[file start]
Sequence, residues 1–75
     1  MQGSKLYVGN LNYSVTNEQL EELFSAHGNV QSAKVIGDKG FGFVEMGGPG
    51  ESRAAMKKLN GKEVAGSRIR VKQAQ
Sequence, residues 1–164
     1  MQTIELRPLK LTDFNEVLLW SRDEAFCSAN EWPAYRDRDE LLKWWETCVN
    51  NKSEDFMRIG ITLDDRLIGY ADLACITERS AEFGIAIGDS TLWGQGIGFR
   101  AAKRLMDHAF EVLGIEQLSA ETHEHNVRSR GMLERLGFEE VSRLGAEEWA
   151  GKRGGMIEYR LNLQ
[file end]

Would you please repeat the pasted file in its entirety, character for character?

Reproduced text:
Sequence, residues 1–75
     1  MQGSKLYVGN LNYSVTNEQL EELFSAHGNV QSAKVIGDKG FGFVEMGGPG
    51  ESRAAMKKLN GKEVAGSRIR VKQAQ
Sequence, residues 1–164
     1  MQTIELRPLK LTDFNEVLLW SRDEAFCSAN EWPAYRDRDE LLKWWETCVN
    51  NKSEDFMRIG ITLDDRLIGY ADLACITERS AEFGIAIGDS TLWGQGIGFR
   101  AAKRLMDHAF EVLGIEQLSA ETHEHNVRSR GMLERLGFEE VSRLGAEEWA
   151  GKRGGMIEYR LNLQ